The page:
Are there any stores that you like to go into, but rather hope that you won’t be spotted there by anybody you know, because it would be a bit embarrassing? One of these, for me, is Edinburgh Woollen Mills, which seems to have, as its target market, old-age pensioners with little sense of taste or fashion. On the other hand, when I have crept in there over the last few decades wearing my false moustache and dark glasses, I’ve always found their plain woollen sweaters (and a few of their other less-tartaned items) to be excellent value, well-fitting and very hard wearing (which is good, because I then don’t need to visit too often and risk being spotted).
Well, I had a similar desire to conceal my location yesterday, when I was invited onto Radio 5 Live at very short notice to talk about the passing of Sir Clive Sinclair, his influence on the UK’s computer industry, and the importance of having a culture of invention. That was what the text said, anyway, but in fact they ran out of time and so, I think, slotted me in to the last few mins of the show, just to be polite, and join in whatever discussion was ongoing. With the result that we said nothing about Sinclair, almost nothing about computing, and in fact discussed time travel and whether butterflies could fart. (Don’t ask.) It wasn’t the high point of my broadcasting career. The good news is that I suspect there are even fewer of my acquaintances who listen to Radio 5 Live than who shop at Edinburgh Woollen Mills.
I never met Clive Sinclair, though he had a big influence on my life, having produced, in 1981, the first computer that our family could actually own. The BBC’s enjoyable 2009 dramatisation ‘Micro Men’ portrayed him as a bit of a comedic monster, as I remember, and I’m not sure how fair a representation that is. The programme is now available on YouTube, and I must watch it again, because it does depict several people I do know, and generally does them quite well, so perhaps it was accurate. Recommended viewing for all British geeks of a certain age, anyway.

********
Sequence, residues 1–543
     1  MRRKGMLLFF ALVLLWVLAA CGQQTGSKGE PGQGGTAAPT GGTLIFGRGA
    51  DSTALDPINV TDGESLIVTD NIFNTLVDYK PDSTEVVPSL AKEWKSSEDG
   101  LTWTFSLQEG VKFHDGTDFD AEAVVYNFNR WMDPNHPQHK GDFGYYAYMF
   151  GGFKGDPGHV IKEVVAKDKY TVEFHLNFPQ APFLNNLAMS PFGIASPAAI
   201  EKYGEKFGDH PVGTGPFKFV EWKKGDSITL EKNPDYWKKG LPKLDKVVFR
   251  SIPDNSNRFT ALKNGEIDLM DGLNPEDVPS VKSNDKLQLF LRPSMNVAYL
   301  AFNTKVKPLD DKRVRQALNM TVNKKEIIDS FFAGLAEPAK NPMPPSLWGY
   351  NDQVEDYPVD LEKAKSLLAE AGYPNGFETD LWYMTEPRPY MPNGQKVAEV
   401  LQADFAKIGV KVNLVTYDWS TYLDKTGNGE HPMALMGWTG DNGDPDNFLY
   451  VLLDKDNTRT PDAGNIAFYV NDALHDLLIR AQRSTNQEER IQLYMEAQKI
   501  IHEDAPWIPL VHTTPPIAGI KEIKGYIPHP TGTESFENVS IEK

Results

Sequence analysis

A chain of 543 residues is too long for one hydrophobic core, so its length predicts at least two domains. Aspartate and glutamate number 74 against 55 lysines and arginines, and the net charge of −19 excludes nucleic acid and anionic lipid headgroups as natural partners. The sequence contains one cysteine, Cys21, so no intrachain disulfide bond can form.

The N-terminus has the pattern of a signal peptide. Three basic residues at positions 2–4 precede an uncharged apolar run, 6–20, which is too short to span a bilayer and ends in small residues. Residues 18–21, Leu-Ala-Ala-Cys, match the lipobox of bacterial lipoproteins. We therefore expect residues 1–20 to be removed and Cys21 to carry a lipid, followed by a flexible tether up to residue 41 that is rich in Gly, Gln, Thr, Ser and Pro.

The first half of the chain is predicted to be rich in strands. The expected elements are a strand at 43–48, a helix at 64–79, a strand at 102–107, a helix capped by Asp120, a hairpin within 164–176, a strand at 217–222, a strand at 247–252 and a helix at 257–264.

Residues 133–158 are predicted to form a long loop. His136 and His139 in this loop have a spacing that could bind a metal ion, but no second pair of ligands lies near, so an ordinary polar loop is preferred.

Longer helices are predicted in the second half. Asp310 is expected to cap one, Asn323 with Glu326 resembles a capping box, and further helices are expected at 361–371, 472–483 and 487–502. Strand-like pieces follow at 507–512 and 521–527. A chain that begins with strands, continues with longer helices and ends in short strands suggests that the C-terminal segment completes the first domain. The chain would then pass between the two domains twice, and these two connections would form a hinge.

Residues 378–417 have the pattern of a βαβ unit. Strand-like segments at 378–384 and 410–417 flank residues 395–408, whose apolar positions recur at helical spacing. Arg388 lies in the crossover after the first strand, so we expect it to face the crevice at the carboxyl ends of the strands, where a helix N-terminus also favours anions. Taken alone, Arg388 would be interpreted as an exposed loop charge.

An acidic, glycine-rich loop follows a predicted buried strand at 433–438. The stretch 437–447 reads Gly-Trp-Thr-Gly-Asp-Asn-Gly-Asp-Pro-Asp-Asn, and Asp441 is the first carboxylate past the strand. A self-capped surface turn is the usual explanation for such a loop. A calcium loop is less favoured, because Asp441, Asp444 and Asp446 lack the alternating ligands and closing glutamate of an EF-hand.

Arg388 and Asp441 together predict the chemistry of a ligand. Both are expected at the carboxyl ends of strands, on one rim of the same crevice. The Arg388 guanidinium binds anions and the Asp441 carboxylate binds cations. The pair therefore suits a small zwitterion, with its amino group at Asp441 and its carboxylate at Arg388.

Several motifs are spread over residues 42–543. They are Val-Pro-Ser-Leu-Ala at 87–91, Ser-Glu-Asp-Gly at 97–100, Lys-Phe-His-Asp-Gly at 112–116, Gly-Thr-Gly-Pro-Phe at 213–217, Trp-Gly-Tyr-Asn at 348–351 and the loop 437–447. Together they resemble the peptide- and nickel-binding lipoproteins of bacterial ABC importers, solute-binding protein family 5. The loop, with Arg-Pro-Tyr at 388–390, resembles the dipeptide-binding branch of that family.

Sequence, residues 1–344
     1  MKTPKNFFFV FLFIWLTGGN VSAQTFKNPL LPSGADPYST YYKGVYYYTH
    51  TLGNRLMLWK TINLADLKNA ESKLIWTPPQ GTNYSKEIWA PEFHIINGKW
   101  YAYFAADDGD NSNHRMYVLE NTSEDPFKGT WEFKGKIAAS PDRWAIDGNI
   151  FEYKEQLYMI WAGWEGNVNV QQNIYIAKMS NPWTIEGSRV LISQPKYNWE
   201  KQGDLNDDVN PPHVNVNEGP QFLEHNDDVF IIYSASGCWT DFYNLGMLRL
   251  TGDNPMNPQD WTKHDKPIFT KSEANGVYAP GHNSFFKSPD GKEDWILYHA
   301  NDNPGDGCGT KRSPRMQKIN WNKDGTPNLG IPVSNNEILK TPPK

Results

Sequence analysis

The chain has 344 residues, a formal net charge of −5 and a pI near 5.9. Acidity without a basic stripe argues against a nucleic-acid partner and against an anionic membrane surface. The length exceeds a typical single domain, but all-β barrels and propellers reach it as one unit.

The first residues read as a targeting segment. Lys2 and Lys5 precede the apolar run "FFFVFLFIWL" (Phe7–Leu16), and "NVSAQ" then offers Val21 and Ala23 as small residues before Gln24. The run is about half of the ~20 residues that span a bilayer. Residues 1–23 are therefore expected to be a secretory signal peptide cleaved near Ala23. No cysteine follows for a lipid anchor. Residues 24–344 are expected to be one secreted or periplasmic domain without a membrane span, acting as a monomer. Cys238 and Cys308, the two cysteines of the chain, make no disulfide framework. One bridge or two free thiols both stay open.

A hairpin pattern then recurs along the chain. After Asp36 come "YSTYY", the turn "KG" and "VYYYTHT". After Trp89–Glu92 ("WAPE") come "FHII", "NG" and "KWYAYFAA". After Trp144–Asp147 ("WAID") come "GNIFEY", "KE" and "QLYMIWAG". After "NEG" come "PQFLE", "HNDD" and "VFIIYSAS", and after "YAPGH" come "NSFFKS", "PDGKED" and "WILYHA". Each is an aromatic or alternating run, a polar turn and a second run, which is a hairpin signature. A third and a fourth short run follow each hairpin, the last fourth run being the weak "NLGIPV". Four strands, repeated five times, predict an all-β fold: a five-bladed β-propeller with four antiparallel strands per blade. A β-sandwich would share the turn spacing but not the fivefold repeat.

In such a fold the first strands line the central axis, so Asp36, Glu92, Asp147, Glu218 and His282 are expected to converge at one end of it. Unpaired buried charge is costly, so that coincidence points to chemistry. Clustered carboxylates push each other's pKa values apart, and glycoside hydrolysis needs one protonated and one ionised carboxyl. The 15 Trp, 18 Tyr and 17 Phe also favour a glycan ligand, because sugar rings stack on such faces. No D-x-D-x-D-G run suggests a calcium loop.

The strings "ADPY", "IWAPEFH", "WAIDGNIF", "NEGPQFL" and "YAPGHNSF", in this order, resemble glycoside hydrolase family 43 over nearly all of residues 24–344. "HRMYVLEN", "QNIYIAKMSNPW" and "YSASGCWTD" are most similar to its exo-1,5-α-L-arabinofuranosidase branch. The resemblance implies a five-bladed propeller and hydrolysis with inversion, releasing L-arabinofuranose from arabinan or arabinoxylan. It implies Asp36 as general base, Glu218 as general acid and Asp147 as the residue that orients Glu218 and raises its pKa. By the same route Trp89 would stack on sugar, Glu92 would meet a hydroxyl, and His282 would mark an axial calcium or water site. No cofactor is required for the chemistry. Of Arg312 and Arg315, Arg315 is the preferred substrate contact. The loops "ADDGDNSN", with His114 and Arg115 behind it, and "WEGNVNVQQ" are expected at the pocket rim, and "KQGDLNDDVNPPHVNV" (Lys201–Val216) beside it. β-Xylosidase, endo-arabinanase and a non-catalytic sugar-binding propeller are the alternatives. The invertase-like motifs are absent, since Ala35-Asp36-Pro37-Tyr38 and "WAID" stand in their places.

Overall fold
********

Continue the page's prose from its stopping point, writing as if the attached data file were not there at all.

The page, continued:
But it is sad, in a way, that Sir Clive is often remembered for the C5 — his low-slung electric tricycle — which was a dismal market failure in 1985, and the butt of much humour, including from me (though as a techy teenager I would secretly have loved one!)
What did impress me, though, as I was making notes for the interview, was the relentless rate at which Sinclair released products:
- 1977 – The Wrist Calculator and the MK14 kit computer
- 1980 – The ZX80 – the first affordable home computer in the UK
- 1981 – The ZX81 – a much better version
- 1982 – The ZX Spectrum – the UK’s best-selling microcomputer
- 1983 – The C5 electric trike, and a pocket television! (Which of course, back then, still had to use a CRT.) Also the Microdrive storage system, using tape-based cartridges which could store a whopping 100KB!
- 1984 – The Sinclair QL
- 1987 – The Cambridge Z88 – a portable computer with a full-sized keyboard, which ran for ages on four AA batteries. I have one on the desk beside me here.
That’s quite a list for a small company over one decade!
The failure of the C5 basically killed Sinclair Research, and the Sinclair brand was sold to Amstrad in 1986, which is why the Z88 was released under the Cambridge Computer name.
This failure was notable, though, because it followed the great successes of the previous years, which had made Sinclair a household name, and, by deploying affordable, programmable machines into vast numbers of British homes, played a big part in kick-starting the UK’s technology industry. It certainly kick-started my own hobby and eventual career in computing, which is also a good thing for the nation, because otherwise I might have tried to go into broadcasting.
So I would like, if I may, to propose an epitaph for Sir Clive Sinclair:
It is better to have invented and failed, than to never have invented at all.